PMS and [my] mental health

Yesterday I discovered, via the Singing Librarian’s blog post on the subject, that this week (21st-27th May) is Mental Health Awareness Week in the UK. I’ve been thinking about writing something about my battles with (or rather defeats at the hands of) Premenstrual Syndrome (PMS) for a while now, so I thought that perhaps now would be as good a time as any, seeing as PMS is something that affects the mental health of many women (and possibly, indirectly, the health of some men as well).

I wasn’t sure whether it would really be OK to write this post under the banner of ‘mental health awareness’, because I think a lot of people probably don’t think of PMS as something that affects mental health. Or, alternatively, they just think something that makes women grouchy and unreasonable at their ‘time of the month’ and write it off as ‘women’s problems’, or women making a fuss, or just something not to take very seriously. I was (and am) a bit worried about this post coming across as me making a fuss about nothing, even though I know it’s not nothing. However, as Mr C said, if people think PMS isn’t something to be taken seriously they should talk to the people who have to live with it.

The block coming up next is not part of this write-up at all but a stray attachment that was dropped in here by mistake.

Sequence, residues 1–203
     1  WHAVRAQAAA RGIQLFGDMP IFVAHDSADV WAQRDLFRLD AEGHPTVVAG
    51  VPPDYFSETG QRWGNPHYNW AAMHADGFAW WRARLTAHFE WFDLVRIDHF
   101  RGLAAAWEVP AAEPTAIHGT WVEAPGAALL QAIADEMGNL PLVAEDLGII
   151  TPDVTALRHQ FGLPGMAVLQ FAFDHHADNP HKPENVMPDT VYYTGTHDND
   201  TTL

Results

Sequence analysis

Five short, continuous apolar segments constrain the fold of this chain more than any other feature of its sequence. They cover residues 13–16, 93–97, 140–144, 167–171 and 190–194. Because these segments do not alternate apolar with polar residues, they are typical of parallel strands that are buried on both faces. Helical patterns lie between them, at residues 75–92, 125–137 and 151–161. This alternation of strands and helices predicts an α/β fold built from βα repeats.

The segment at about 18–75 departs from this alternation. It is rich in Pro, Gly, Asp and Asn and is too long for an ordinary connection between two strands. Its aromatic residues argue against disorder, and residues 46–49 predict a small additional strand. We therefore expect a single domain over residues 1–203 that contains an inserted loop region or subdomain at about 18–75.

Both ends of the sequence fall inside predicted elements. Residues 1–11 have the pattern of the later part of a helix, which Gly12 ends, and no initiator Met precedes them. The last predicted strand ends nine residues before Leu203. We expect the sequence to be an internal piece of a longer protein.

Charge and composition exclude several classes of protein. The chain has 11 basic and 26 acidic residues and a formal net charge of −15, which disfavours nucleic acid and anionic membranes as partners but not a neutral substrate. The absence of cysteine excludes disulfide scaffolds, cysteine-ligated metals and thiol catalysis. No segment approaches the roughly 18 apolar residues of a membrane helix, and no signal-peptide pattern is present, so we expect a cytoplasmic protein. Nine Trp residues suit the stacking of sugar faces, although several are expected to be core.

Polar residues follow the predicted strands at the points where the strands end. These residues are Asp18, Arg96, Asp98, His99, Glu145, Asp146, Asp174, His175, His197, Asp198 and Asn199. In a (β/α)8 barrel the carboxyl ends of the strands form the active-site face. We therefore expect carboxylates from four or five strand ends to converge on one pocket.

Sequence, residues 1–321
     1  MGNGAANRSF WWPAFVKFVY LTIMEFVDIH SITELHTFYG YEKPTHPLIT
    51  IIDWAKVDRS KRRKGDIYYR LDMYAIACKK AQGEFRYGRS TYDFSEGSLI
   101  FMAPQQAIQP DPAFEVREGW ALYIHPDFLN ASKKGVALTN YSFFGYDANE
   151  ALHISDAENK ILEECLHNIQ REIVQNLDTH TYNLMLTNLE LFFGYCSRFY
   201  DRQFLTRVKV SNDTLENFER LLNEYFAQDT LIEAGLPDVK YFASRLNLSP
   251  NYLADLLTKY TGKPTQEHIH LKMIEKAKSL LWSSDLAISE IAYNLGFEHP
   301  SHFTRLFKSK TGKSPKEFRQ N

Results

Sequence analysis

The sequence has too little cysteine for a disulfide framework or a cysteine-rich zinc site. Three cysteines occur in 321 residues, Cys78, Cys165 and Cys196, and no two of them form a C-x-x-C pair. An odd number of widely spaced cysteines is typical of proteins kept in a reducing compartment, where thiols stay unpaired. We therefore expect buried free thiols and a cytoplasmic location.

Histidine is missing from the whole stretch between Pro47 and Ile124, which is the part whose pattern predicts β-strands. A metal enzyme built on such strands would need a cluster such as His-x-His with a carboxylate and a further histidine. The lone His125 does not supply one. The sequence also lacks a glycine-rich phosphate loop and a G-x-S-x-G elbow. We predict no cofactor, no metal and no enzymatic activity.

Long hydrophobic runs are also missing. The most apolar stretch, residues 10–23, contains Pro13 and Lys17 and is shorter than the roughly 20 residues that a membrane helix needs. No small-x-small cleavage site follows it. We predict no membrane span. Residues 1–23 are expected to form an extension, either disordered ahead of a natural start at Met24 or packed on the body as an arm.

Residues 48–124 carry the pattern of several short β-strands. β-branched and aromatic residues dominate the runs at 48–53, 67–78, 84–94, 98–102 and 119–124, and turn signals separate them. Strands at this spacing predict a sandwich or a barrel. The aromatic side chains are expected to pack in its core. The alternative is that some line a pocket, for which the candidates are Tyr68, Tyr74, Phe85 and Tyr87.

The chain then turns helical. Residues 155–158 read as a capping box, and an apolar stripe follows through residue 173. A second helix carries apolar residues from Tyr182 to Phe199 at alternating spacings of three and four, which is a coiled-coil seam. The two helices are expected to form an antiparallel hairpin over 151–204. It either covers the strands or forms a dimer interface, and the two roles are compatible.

So how does PMS actually affect mental health? During the menstrual cycle the levels of  particular chemicals in the brain change. When there are changes to levels of chemicals which affect mood, such as serotonin, this can lead to symptoms such as those I experience:

  • feeling angry for no apparent reason
  • feeling very aggressive – lashing out at people or (preferably) objects (verbally or physically)
  • anxiety
  • feeling in despair
  • sadness
  • feelings of hopelessness
  • crying for no real reason
  • low self-esteem/self-hatred
  • restlessness (I have to do things and can’t really sit still)
  • or, alternatively, inability to do anything because I feel too sad
  •  food cravings

See the NHS webpages about PMS for more information about causes and symptoms.